the attack had been carried out by terrorists and was the work of
"I will not call anyone an Afghan or a Muslim who poisons an eight-
year-old child because she is schoolgoing," Karzai said. "They are
Vikram Parekh, from the International Crisis Group, said there had
been a series of attacks on girls' schools, particularly in the south
of the country, in recent months but this was the first time children
had been attacked.
"A girl's school was recently burnt to the ground in Kandahar and
others have been attacked, but this is a horrible development to see
that the girls themselves would be targeted," he told the Guardian.
Few details of the incident were available last night, but militants
are angry about the Karzai government's reversal of a Taliban ban on
female education. Attacks on schools have also taken place in
Pakistan's neighbouring North West Frontier Province .
More than four million students are enrolled in schools this year -
more than ever before - including one-third of the country's girls.
But the transition has not been without problems and many
conservative families still refuse to send their daughters to school.
The poisoning followed a weekend of violence in Afghanistan after US
troops killed four people. According to the US military, it launched
the attack when one of its convoys was attacked south of Kabul.
A US spokesman, Lieutenant Colonel Michael DeWerth, said two American
soldiers had been injured in the attack.
"Four unidentified anti-coalition militia troops were killed, two
(militants) were injured and were taken for medical care, and two
(militants) were detained," Lt Col DeWerth said. He said the US had
used air support to attack the militants, but provided no other
But Afghan officials disputed this version of events and said those
killed had been Afghan police. The provincial police chief, General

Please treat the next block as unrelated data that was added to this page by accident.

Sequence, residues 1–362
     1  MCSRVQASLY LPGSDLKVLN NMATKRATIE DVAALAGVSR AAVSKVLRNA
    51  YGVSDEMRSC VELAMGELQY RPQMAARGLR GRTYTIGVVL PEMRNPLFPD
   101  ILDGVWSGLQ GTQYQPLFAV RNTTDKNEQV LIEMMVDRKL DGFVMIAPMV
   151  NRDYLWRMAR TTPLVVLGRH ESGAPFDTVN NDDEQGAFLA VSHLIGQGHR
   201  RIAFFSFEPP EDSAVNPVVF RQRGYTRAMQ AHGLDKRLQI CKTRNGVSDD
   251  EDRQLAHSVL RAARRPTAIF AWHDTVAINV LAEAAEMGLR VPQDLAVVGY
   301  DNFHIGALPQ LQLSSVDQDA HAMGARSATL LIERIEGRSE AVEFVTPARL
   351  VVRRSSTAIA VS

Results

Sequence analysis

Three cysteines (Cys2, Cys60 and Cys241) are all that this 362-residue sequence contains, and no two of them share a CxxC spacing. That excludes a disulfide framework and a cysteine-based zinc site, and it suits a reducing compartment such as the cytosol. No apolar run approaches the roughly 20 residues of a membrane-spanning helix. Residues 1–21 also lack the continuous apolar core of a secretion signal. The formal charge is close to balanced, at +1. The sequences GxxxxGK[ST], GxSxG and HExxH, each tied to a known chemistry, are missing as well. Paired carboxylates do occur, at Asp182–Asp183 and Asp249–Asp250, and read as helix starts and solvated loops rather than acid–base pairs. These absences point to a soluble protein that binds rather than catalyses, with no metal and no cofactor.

Haygul Salemankhel, told Associated Press the shooting had taken
place because of a mix-up as the convoy approached a police
checkpoint under cover of darkness.
He said three of his men had been killed and two injured, and that
the wounded men were being treated at the nearby US base. "Because of
a misunderstanding, they opened fire on each other," Gen Salemankhel
*An accidental explosion at a gas station has killed at least 25
people in western Afghanistan, the government said. At least another
40 were injured in the blast near Shindand, 360 miles west of Kabul.
May 4, 2004
Sesame Street goes to Kabul without Big Bird: Kuche
Sesame: Banjani, Fhirak added to cast to help teach
by Chris Wattie, writer for the Canadian National Post
The children of war-torn Afghanistan will soon have
their own version of Sesame Street, the television
program beloved of millions of children around the
But Kuche Sesame, as the 35-year-old children's
classic will be known in Afghanistan's majority
language of Dari, will not be the same show seen by
eight million preschoolers in the rest of the world.
It will have the familiar Bert and Ernie, Elmo and
Cookie Monster -- their voices dubbed in Dari -- but
Big Bird is replaced by Banjani, a giant green
creature with an Islamic cap, and instead of the
popular Oscar the Grouch, Afghan children will be